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Lighting Design process

Discussion in 'Lighting and Electrics' started by Dustincoc, Aug 28, 2007.

  1. Dustincoc

    Dustincoc Active Member

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    What process do you use when designing lighting for a show? I've done some "Design" work but never actually worked a design from the script all the way through to opening night. I'm designing a reader's theatre production of "I'm Peggy Guggenheim and you not" to open on sept. 21. I've been through all the textbook "methods" but am looking for some non-theoretical approaches.
     
  2. icewolf08

    icewolf08 CBMod CB Mods

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    I feel like I have written an answer to this question for the forums before, but I can't find it...

    I suppose one might consider my methodology for design to be "textbook" in style, but it works. This is a good question too, as, for the most part we stay away from telling people how a show should look in favor of encouraging the creative process.

    To start any design, start with the script. Read it, then read it again and again. The first time you look at it enjoy it, and in the back of your mind think about the feelings and emotions that it evokes. As you go through the script subsequent times, look for any hints that the playwright gives you that can help with lighting such as time of day, location, time of year, period, etc. At this point I would start doing some preliminary visual research, mostly emotional response imagery. This will give you something to come to the table with for the first design meetings with the rest of the design team (director, scene designer, sound designer, etc.).

    I also do a basic script analysis before going into the first design meeting. This includes locating the themes of the play, coming up with a basic plot outline, exploring subtext or the connotations of the play, etc. You may also want to get some notes down on the characters, and how they interact with eachother. This is a way to see how your reading of the play aligns with what the playwright is trying to convey.

    The first design meeting should be the time to get the design team aligned to one vision and goal for the production. The meeting should hopefully be a time where all the members of the design team can voice their ideas, the themes they see, and what they feel the story is about. This hopefully will lead to a unified vision for the production. This may not be the same as the vision you had reading on your own, it may be a conglomeration of ideas rolled into one, or the director may say "this is how it is going to be."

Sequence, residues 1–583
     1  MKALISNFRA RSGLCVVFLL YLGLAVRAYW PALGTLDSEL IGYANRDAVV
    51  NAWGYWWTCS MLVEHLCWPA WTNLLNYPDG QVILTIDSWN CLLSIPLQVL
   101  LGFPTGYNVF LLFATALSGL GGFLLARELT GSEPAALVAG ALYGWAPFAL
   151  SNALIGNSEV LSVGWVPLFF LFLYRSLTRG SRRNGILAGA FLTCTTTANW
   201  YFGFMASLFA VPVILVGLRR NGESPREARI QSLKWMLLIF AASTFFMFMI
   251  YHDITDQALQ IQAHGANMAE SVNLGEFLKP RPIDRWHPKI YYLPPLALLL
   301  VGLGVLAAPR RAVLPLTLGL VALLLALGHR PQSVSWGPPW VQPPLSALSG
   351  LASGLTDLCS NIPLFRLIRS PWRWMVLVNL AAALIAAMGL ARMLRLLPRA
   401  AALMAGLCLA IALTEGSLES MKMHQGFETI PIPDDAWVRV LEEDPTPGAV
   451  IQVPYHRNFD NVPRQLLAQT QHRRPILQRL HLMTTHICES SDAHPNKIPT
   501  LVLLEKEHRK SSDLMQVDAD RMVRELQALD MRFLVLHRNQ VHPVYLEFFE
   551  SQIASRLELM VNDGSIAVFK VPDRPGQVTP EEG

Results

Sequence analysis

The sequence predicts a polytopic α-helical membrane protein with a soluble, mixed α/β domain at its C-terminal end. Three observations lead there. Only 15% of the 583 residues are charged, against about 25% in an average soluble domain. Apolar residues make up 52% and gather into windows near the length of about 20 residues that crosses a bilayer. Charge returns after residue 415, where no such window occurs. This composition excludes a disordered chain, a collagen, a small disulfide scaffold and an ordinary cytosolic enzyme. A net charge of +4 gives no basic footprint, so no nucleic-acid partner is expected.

Once you know where the team is heading with the script you can mold your ideas to work into the show. Now that you know where the director wants to go with the show you can start doing more specific research. If it is a period piece you might start by looking for images from the period if it is abstract you might continue looking for images that show emotional response. Find images that show the quality of light you feel fits, the angles or harshness, the colors, etc.

    When you have figured out what the lighting needs to do for the show then you can start working out rough ideas for how you are going to bring those ideas to the stage. What is the motivational light source for each scene, what do you need to make it happen? Are you outside with the sun or moon shining, or are you under s streetlamp? Are you in a church with light streaming through stained glass? Once you figure out those things you can start setting up systems. Maybe you need a system of back light with crushed glass gobos to look like stained glass, or maybe pools of orange light from the streetlamps. I usually put in the systems that set mood and feeling first, and then work in the systems that you need to make sure the actors can be seen. At this stage through in everything that you think you might need, it is easier to cut back later than it is to add.

    After you get the scenery drawings you can start to lay out lighting areas and figure out what kind of equipment you need to light in the set. This is where you will probably start pruning out ideas so that you can fit into the inventory/budget of the people you are working for. You may also have to rework ideas to fit the equipment on hand. Then you can put it all down on a plot and hand it off to the ME, show up for focus, and then be off to your next gig.
     
  3. foeglass

    foeglass Member